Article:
Abundances relative to water measured in comet 67P. Vertical scale: Values obtained in the radio with IRAM 30-m observations in 2021, or with MIRO in 2015 for NH3 and CO (well lower than the 2021 upper limit). Horizontal scale: Mean values measured in situ around 2015 perihelion with the Rosetta/ROSINA mass spectrometer, from Rubin et al. (2019) and Läuter et al. (2020). If the water production rate used for radio observations has to be re-evaluated to higher values, then all the points have to be shifted down. Each elliptical (in log scale) symbol covers the ±1σ uncertainty domain.

5.2 Comparison with other comets

Based on the results obtained with the IRAM 30-m telescope, comet 67P displays abundances typical of comets that are not enriched in highly volatiles species, sharing similarities with 21P/Giacobini-Zinner, for example (Biver et al. 2021b), another carbon-chain depleted comet from the taxonomy of A’Hearn et al. (1995). Abundances of HNC, HC3N, CO, SO, and SO2 larger than our upper limits in comet 67P have been measured in some comets (Table 4 and Biver & Bockelée-Morvan 2019, and especially in comet Hale-Bopp); however, except for HNC which is only identifiable via its rotational lines, in situ observations of 2015 with ROSINA suggest abundances below our upper limits in comet 67P.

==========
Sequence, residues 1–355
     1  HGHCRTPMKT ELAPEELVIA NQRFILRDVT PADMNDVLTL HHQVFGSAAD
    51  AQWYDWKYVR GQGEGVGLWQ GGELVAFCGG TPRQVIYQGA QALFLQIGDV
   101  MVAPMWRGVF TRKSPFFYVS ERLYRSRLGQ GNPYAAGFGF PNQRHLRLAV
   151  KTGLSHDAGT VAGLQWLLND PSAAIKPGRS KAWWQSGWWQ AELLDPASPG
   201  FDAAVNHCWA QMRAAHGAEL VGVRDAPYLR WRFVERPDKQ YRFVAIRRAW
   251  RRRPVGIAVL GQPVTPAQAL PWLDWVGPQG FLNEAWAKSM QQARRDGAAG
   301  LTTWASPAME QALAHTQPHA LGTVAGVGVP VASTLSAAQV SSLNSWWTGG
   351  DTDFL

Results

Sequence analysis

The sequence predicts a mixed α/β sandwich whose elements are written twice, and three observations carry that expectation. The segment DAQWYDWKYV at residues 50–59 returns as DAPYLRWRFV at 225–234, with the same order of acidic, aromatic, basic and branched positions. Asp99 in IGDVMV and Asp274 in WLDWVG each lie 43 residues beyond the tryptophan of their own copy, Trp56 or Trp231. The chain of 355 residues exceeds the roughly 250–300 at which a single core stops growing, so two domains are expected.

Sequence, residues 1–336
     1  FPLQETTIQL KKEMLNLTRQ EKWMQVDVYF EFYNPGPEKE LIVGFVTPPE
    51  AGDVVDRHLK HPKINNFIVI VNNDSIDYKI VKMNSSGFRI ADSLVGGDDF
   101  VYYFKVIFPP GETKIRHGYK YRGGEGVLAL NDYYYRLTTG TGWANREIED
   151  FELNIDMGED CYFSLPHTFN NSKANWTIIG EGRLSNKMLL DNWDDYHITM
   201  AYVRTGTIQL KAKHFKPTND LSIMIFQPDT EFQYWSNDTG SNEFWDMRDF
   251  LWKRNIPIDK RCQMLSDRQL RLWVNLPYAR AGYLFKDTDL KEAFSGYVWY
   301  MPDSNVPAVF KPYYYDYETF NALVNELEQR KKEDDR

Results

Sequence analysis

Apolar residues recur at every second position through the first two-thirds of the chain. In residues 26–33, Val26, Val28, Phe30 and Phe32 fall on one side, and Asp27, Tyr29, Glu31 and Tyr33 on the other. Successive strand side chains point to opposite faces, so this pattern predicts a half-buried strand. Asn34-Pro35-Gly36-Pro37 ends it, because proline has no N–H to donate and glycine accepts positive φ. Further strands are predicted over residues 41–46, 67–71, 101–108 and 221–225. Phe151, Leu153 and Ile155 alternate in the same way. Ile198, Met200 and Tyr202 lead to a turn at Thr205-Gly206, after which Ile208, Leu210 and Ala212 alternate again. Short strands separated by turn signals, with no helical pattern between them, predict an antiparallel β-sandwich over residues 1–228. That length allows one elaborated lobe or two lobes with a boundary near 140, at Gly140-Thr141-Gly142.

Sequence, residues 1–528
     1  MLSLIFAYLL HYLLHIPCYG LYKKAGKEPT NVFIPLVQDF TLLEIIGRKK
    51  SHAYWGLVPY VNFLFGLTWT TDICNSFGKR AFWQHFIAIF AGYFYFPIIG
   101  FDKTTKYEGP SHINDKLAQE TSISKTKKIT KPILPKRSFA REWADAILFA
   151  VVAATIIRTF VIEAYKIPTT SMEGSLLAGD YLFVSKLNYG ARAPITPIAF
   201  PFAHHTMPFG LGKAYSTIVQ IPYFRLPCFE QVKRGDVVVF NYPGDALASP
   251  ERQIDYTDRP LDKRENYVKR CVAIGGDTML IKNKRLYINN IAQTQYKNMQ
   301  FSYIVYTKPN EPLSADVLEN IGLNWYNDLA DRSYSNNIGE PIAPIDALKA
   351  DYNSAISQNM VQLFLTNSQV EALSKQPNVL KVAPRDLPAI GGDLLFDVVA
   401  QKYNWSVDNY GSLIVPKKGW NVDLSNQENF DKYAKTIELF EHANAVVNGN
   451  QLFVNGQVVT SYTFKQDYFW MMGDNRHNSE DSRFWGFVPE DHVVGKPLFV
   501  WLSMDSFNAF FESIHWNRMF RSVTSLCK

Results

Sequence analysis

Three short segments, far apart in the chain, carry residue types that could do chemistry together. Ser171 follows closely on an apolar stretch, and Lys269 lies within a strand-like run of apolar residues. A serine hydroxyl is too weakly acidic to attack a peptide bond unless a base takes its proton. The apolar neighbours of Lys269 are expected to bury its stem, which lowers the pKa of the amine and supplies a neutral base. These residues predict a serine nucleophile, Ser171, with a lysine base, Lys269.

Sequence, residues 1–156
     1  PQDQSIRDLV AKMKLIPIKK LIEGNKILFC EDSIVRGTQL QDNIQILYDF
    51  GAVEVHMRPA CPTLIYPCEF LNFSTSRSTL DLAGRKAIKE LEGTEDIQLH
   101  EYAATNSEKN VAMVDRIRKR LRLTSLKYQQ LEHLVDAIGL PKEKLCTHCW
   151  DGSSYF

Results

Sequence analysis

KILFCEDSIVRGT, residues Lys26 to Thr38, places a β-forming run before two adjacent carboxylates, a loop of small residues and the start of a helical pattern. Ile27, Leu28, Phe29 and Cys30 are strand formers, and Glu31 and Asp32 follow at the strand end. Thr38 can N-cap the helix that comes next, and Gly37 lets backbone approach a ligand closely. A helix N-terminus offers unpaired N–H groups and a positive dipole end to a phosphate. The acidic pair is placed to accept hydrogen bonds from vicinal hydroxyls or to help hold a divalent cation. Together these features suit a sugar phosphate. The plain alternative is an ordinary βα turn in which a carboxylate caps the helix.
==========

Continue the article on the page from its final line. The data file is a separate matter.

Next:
5.3 Conclusion

We have detected rotational lines of eight molecular species (H2O, HCN, CH3OH, H2S, CS, CH3CN, H2CO, and HNCO) in the coma of comet 67P/Churyumov-Gerasimenko at its very favourable perihelion in November 2021.

  • From the line profiles, all species seem to come from a colli-mated jet from the sub-solar to south-pole region, containing ~80% of the gas ejected at a speed of 0.86 km s−1. This outgassing pattern is the same as observed in situ in 2015.

  • We derived a gas temperature T = 36 K (with a ~3000 km beam), also similar to that measured in the coma by MIRO in 2015 at large distances from the nucleus (≫100 km).

  • The production rate profile, as well as the dust production tracer Afρ(0), suggest that production peaked during our observation period, 10–40 days after perihelion.

  • We measured the abundances relative to water for seven species: HCN, CH3OH, H2S, CS, CH3CN, H2CO, and HNCO. We also obtained significant upper limits on the abundances of HNC, CO, HC3N, SO, and SO2; although, they were not lower than the abundances observed by Rosetta/ROSINA. These abundances fall in the range of those measured in other comets, especially the volatile poor and carbon-chain depleted ones.